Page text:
One of the high points of my music therapy work was my work with children with multiple severe disabilities. I thoroughly enjoyed my work with these children, and my curiosity about this pleasure led to a research study that I did several years ago on my pleasure in working with children with severe disabilities, “Experiencing Pleasure in Working with Severely Disabled Children.” [The article can be accessed from this site. Open pdf file 8.1 MB. The article is reprinted with permission of the American Music Therapy Association] I hope that those who are not familiar with the article will read it, but will also share some of what I discovered here.
I said in the article, “My interest in this topic arises from the joy that I experienced at times during my work with children with multiple disabilities. As I reflected on this experience, its intensity, and how it felt, I often wondered exactly what the experience meant to me. Why did I have this feeling of joy when doing this work?” (pp. 57-58) This joy was exceptional, and I remember my work with these children to this day as a very special experience. After the analysis that I did as part of my research, I found my pleasure to revolve around four categories: (a) intentionality, when the children allowed me to assist them, continued on their own after I had assisted them, or initiated something upon my request or spontaneously; (b) emotionality, including smiling and physical closeness; (c) communication, including humming or making specific sounds or words; and (d) mutuality, when the child would do something with another child or with me as the therapist, upon my request, with physical cues, or spontaneously. In the article, I give examples of many of these experiences in which I found pleasure.
Recently, as I have shared information about this study with people, they have suggested that it would be good if the parents of the children with whom I worked with and with whom I experienced this pleasure could be made aware of how much I enjoyed it. I had never thought of this, but the idea provided the impetus for the topic of this column.
The parents of these children spend lots of time dealing with their children’s problems and getting the best education and care for them. I assume that they encounter some people who do not understand their children and their needs. I suppose that they may occasionally wonder if some of the people with whom they have contact can understand how wonderful their child can be. One of the reasons that I decided to write about this in this column is so that this article—and my thoughts on this—can be more accessible to parents. (Related to this, I was pleased to see this article referenced on a website that I came across, for the Cornerstone House of Santa Barbara [http://www.cornerstonehouse.org/recreation.html], from where I assume some parents and others may have heard of the study and my pleasure and perhaps even looked for the article after seeing it referenced.)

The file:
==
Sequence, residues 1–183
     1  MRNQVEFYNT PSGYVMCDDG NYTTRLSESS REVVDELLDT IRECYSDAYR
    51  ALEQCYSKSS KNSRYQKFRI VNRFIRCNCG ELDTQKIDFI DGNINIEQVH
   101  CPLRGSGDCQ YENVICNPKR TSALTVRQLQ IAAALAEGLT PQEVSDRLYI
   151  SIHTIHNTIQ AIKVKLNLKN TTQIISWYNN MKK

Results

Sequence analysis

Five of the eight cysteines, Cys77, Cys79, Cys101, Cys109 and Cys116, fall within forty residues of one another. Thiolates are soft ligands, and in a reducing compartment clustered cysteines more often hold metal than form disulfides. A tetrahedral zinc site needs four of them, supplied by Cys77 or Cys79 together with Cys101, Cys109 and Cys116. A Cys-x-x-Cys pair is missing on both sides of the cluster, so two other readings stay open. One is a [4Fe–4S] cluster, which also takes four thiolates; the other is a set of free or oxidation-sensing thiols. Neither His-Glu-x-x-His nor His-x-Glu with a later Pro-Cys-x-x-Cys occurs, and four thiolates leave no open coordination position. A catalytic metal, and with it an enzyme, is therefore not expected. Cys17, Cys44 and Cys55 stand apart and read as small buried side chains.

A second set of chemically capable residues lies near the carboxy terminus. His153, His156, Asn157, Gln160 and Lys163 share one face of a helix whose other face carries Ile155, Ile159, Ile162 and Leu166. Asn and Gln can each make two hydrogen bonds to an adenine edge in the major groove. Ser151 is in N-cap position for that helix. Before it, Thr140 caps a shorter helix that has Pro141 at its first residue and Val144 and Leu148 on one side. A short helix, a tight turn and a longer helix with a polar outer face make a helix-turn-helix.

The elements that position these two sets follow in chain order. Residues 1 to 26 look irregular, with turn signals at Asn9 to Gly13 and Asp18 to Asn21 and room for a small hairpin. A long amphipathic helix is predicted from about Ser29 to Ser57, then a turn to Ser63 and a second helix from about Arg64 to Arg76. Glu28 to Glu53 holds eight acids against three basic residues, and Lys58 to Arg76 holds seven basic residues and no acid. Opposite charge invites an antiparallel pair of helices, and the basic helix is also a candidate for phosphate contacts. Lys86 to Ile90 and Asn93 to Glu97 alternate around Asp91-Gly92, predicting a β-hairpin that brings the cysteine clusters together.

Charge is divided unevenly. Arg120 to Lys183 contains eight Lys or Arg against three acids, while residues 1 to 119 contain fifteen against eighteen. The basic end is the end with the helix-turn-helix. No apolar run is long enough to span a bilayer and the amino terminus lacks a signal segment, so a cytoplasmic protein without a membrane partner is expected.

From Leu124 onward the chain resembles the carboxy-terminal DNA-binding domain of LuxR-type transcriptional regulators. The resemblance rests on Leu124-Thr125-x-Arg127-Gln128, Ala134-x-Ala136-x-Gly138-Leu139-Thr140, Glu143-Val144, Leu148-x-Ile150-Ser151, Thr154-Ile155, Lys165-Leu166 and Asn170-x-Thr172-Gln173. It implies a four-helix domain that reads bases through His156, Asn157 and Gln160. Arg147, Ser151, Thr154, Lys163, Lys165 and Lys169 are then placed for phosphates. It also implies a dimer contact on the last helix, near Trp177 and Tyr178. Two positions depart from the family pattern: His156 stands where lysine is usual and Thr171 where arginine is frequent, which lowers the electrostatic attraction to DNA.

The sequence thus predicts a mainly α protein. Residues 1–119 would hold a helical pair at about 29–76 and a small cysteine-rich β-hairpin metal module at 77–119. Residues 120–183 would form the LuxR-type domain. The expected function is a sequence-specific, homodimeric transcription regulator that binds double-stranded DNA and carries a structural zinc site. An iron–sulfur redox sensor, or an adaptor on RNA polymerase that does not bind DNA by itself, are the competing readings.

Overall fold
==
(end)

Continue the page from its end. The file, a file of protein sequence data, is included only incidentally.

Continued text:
I feel incredibly fortunate to be in a profession in which I am able to interact with and relate to people through the pleasant and powerful medium of music. I believe that much of the joy that I experienced in working with these children came because we were connecting and communicating through music. I assume that many other music therapists experience this as I do, although it is not something that is spoken of often. Some of this may be professional boundaries that are appropriately kept and which I am not suggesting should be broken down.
I said in my 1999 article, “In an encouraging development, several music therapists (most of whom work with the terminally ill) have recently examined personal motivations for and influences on their choices of clients with whom to work.” As I was working on this column, a colleague suggested an article by a music therapist working with people who are terminally ill, and I related to Nigel Hartley’s feelings when he said, “My feeling…is that we should attempt to bring into the open what happens to us, as human beings, when we are acting as music therapists in improvised musical experiences. If done appropriately, and with integrity and honesty, this can bring us to a deepening understanding of the work we do” (p. 136). Nigel goes on to speak of some of the powerful experiences that he has had as a music therapist working with the terminally ill.
Although the experiences that I found so pleasurable were not with people with terminal illnesses, but with children with severe and multiple disabilities, I also found them to be powerful and meaningful. I am pleased to be able to share these experiences in this format and hope that it may encourage other music therapists to be aware of the impact that those with whom we work can have on us. I also hope that some parents and others who love and are involved personally with the children from whom I have received so much pleasure will find my experiences to be meaningful.
 Thank you to participants in the Aalborg University PhD course in May 2006 for this suggestion.
 Thank you to Dr. Joy Berger for making me aware of the Hartley article and to Joy, Shannon Bowles, and Lorinda Jones for feedback on an earlier version of this column.
Hartley, N. A. (2001). On a personal note: A music therapist’s reflections on working with those who are living with a terminal illness. Journal of Palliative Care, 17, 135-141.
Wheeler, B. L. (1999). Experiencing pleasure in working with severely disabled children. Journal of Music Therapy, 36, 56-80.
Wheeler, Barbara (2006). Experiencing and Sharing the Joy of Our Work. Voices: A World Forum for Music Therapy. Retrieved May 15, 2013, from http://testvoices.uib.no/?q=colwheeler250906